If your life is in danger, call the police at 110

Spotlight on Summer Intern: Climbing Mt. Fuji

MtFuji1

The Time Mount Fuji Almost Crushed Me

This past weekend, I climbed Mount Fuji. Yes, my legs are still in pain (the elevator has been my best friend for the past couple days) and yes, my feet are all covered in blisters. But was it worth it? The answer is an easy yes. The view at the summit was easily the most stunning, breathtaking landscape I have seen during my entire summer in Tokyo. I felt like I was on top of the world.

The process of getting there was not as dreamy. My team and I started at the 5th station, super eager and giddy. Little did we know how rough and challenging the eight hours in front of us were going to be. I hadn’t really packed any hiking gear when I flew to Tokyo – the most sporty things I brought were my Nike Free Runners and a rain jacket. Luckily, I had received a TELL exercise shirt the week prior to the hike. On top of that, I had completely embraced summer life and was seriously out of shape; my “workouts” had been reduced to brisk 30-minute strolls to Shibuya.

The first two hours were not so bad aside from the excruciating heat and growing numbness in my calves. I had already stripped down to a tank, but I was constantly shocked by the number of layers passing hikers wore. The further up we hiked, the greater the incline; with my sneakers, I felt like I was stepping into quicksand and thankfully, I only slipped and ate dirt a handful of times.

Once the sun came down, the temperature dropped precipitously. I pulled out all five layers I had brought, plus gloves and a beanie, but I felt as if my face was slowly freezing off and my teeth could not stop chattering. The only thing that kept me moving was the promise of warmth and hot curry in the hut where we would be spending the night. The hut was a bit past the 8th station, and a huge wave of relief struck me once we arrived. The sleeping arrangement was a bit odd, to be generous. You literally are sleeping with strangers. Imagine one huge bunk bed that goes from wall to wall, with sleeping spaces already marked out. You are separated from your sleeping neighbor by mere millimeters. Luckily, my friend was on my right, but the guy to my left was a complete rando. He snored like no other and kept kneeing me in his sleep the entire night. I think I got maybe 20 minutes of sleep. When I did wake up to the blaring voice of the hut owner (he woke everyone up around 2 am to catch the sunrise), my head was throbbing. I was completely parched and felt so nauseous – altitude sickness had hit. I had read about it in my very limited Fuji preparation, but I never imagined it would be that intense.

Sleep-deprived and experiencing the worst migraine of my life, I strapped on my headlamp and queued up for the march to the summit. There were so many people hiking up that it felt like waiting for a ride at Disneyland – looking down at the path behind me, the number of head lights I could see in my vicinity indicated more than 1,000 hikers were behind me. We made it to the summit five minutes before sunrise, dashed to the most isolated rock we could find, and peacefully watched the sun peek out from behind pink cotton-candy clouds. It happened in less than a minute, but I cannot stress how magnificent and awe-inspiring it was – no pictures or words can really do it justice. Then, we planted ourselves in one of the many food huts on the summit and rewarded ourselves by pigging out on ramen, oden, sweet red bean soup, and warm beverages. Then the trek down…sigh.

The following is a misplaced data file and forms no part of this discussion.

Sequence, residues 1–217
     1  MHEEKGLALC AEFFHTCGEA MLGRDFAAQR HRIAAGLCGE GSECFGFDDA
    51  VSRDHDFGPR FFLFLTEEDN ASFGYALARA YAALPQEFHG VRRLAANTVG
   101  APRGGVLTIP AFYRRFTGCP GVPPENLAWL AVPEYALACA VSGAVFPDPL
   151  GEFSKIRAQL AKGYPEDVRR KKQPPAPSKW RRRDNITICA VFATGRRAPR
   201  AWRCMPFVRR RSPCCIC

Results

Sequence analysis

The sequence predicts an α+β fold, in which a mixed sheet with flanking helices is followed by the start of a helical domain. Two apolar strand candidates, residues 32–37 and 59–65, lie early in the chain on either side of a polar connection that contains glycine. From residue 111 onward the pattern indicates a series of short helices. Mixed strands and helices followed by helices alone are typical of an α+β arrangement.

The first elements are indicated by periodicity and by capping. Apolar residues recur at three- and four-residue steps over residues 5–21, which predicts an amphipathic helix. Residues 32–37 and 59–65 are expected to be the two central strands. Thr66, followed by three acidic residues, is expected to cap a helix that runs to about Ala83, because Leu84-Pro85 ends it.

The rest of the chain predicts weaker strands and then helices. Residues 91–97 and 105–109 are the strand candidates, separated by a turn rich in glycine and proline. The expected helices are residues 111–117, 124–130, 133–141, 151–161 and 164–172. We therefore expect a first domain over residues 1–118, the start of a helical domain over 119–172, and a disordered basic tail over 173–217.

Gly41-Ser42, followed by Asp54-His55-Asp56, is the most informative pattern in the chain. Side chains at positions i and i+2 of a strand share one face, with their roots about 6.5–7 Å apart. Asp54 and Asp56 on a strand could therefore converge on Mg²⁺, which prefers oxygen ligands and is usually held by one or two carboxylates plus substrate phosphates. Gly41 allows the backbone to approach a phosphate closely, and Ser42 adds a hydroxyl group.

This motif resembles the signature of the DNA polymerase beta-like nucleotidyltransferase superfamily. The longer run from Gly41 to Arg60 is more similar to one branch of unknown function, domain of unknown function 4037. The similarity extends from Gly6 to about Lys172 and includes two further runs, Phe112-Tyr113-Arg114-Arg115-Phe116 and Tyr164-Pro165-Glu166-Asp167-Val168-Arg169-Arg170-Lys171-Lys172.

Would I climb it again? There’s an old Japanese saying: “If you come to Japan and don’t climb Mt. Fuji, you’re a fool; but if you climb it more than once, you’re an even bigger fool.” So I think my answer should be no, but at the same time, it’s too soon to tell. I definitely recommend everyone to hike Fuji at least once in their lifetime. Not only will you create strong bonds with the friends you hike with (there’s no bonding experience like being stuck on a mountain for 24 hours together), but it is extremely self-rewarding and gratifying. To me, it provided a much-needed reminder how capable my mind and body can be when I really want to accomplish something. It’s also refreshing to escape the chaotic and overwhelming nature of Tokyo. Of course, there were moments I felt as if my legs were going to fall off – I really just wanted to give up and collapse into the fetal position on the path. But what would that have accomplished? Aside from the judgements of my hiking buddies and being covered in dirt, I would have gained nothing and I still would have been stuck on Fuji. That was the kind of mindset that really motivated me to keep moving.

I tend to get a tad restless at work, sitting at a desk for an extended period of time. But following my painful trek up Mount Fuji, I fully embraced this comfortable and sedentary office setup. Donor gifts for the Connoisseurs’ Auction have started coming in, which is extremely exciting and rewarding! All the preparation Nicole and I had made earlier in the summer is really paying off. Our other event, Talkie Walkie which raises awareness for World Suicide Prevention Day, is also kicking off. We now have five walks throughout Japan! I have also been revamping the new auction site as well as increasing visibility of the Talkie Walkie site. It is disappointing that I won’t be around to see the events take place and the manifestation of my work, but I already know they’ll both be amazing. I also helped Yukari process receipts for the year; I didn’t realize how strict the protocols for maintaining NPO status were. And that’s all my updates for today! Only two more weeks at TELL 🙁

MtFuji2